20. […] article about the (American, yes, I'll own it for us) expectation gap: http://www.johndiesattheend.com/updates/?p=1071 […]

  21. l4nc3rr says:

    @Malan He’s not saying that life is filled with disappointment and failure. He’s saying that if you expect success in life to be as easy as a five-minute montage, you’re going to be disappointed and probably fail. If you realize that it takes many many many hours and days and years of hard work to accomplish something, you will be more willing to carry that thing out and stick through the rough spots.

  22. Angelita33Hendrix says:

    People in all countries get the loans in different creditors, just because this is easy.

  23. Jo says:

    I think the average person watches around 10,000 hours of TV a year, I guess were all experts.

  24. jwatte says:

    Jo, that’s pretty funny! You clearly didn’t spend 10,000 hours on math :-)

    For comparison: 365 days times 24 hours equals 8,760 hours in a year, leaving no time for sleep or paying the rent. A US worker does about 2,200 hours of work a year; a European worker around 2,000.

  25. […] truth is we all have begged to crawl into a Skinner Box that resembles a world we WANT to live in. Life is just terrible and cruel and so much hard work with little to no tangible benefits.  David Wong here discusses my point entirely on numerous subjects [to be honest, there's a reason […]

  26. ScutigaraColeoptrata says:

    While the importance of hard work should not be understated, you neglected to mention something that is equally important; demand and marketability.

    To put it bluntly, the ‘world’ doesn’t care HOW much effort you put into something, only the results of that effort. By the world I mean the network of people that make up our international society. Your article states that people should not automatically feel entitled to a tangible reward for any amount of effort they put into a task, but you also imply that with a far greater amount of effort they SHOULD expect a tangible reward. They shouldn’t; a large amount of effort doesn’t mean a thing if it isn’t applied properly.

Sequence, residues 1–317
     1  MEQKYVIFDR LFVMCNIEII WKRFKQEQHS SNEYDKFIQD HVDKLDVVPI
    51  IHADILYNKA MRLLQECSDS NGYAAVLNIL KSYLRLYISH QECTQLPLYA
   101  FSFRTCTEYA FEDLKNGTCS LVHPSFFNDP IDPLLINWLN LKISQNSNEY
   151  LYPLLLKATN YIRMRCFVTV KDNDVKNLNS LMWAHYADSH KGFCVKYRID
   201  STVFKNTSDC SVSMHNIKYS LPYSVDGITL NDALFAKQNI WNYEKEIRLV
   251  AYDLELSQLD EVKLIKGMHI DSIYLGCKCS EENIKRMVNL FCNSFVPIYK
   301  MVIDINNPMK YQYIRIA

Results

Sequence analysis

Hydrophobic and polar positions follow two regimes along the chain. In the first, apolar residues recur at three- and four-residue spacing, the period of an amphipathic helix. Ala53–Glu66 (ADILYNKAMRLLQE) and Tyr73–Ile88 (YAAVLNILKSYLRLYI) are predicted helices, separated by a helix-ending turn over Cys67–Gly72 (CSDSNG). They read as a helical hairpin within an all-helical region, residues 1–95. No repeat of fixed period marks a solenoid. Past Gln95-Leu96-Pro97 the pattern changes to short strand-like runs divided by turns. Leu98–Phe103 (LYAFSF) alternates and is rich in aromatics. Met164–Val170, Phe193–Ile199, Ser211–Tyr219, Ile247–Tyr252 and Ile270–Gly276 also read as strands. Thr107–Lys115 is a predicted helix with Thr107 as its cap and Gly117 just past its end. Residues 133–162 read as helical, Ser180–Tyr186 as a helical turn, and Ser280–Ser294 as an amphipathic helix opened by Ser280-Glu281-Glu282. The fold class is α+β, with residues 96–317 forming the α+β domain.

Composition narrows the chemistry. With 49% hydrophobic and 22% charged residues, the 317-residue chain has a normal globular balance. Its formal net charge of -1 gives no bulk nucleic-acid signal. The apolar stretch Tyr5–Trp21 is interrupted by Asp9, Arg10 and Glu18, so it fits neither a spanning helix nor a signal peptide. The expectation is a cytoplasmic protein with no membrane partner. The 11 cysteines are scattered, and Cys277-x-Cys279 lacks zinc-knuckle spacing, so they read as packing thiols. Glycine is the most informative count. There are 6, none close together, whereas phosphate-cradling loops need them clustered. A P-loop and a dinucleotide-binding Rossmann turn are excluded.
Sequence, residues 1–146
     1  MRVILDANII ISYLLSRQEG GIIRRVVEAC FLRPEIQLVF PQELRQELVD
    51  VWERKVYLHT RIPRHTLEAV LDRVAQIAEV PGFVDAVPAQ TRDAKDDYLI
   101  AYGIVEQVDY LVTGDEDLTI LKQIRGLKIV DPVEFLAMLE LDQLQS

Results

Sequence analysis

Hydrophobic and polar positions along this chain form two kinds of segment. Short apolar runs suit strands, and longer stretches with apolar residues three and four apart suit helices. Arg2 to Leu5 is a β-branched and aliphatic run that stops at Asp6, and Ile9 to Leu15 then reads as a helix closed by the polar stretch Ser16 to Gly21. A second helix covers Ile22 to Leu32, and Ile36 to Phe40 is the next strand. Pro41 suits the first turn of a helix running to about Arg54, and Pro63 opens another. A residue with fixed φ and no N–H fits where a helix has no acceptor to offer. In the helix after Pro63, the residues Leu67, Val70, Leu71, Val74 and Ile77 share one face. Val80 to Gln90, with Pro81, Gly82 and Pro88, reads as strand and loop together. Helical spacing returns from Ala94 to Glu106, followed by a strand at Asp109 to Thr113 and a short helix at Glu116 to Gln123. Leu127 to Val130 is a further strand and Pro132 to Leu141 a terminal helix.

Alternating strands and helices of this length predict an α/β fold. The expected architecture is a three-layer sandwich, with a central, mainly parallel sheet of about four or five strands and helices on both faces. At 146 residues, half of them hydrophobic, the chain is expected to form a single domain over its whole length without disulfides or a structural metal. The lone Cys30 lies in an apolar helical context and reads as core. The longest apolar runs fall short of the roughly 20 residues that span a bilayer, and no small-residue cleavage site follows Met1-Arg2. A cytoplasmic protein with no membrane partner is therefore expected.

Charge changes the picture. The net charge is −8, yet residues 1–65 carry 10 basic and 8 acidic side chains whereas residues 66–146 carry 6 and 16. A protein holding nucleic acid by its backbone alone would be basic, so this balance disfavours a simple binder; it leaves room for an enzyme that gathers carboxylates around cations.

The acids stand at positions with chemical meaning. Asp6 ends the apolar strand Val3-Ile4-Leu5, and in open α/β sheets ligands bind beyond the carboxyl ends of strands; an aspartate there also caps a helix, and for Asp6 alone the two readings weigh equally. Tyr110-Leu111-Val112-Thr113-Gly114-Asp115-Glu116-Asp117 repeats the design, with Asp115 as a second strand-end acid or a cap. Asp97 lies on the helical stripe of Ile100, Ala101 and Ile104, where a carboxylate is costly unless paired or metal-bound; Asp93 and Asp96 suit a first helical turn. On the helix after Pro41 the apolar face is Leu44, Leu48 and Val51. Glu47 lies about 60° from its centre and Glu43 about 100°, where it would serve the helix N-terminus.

Take your example of the karate student who has done his 10,000 hours of work towards his goal of being a master. Now compare him to a med student, who puts in roughly an equal amount of work to become a fully qualified doctor. Do you think the karate student is going to make anywhere near as much money as the med student will at their end of their respective journeys? No, the payoff is going to be far less for the former because the demand for a doctor’s skills are far greater.

    To use an example from my own life, I studied history up until the graduate level, and would have completed my Ph.D. in an additional 4 years had I not done some research and realized that if I wanted to become a professor I would be competing, on average, with 300 applicants per position. I’m now working at a fairly well paying research job for a company, and I am very glad I did not make that mistake.

    There is also the issue of ‘class’, whereby some people are more privileged than others and, while still putting effort into their jobs, will earn a higher income than people without their connections. I don’t want to say that we live in some kind of feudal system, but it is going to be harder for some people to achieve their goal than others, and require a lot more work for the same goal in some cases. What’s important is the goal though; work is only a means to that end.

    The old cliche work smarter, not harder, is definitely true. You succeeded because you put a huge amount of work toward a goal, AND you intelligently approached that goal. If you had instead fallen into the trap of believing that a good education and hard work means that someone, somewhere in power would recognize your toil (the Just Tsar, or whatever), you’ll be waiting for the payoff forever.

  27. […] Wong, who you might vaguely recognize as the guy who writes the good articles on Cracked, puts it pretty well: You know that TV show where Gordon Ramsay tours various failing restaurants and swears at the […]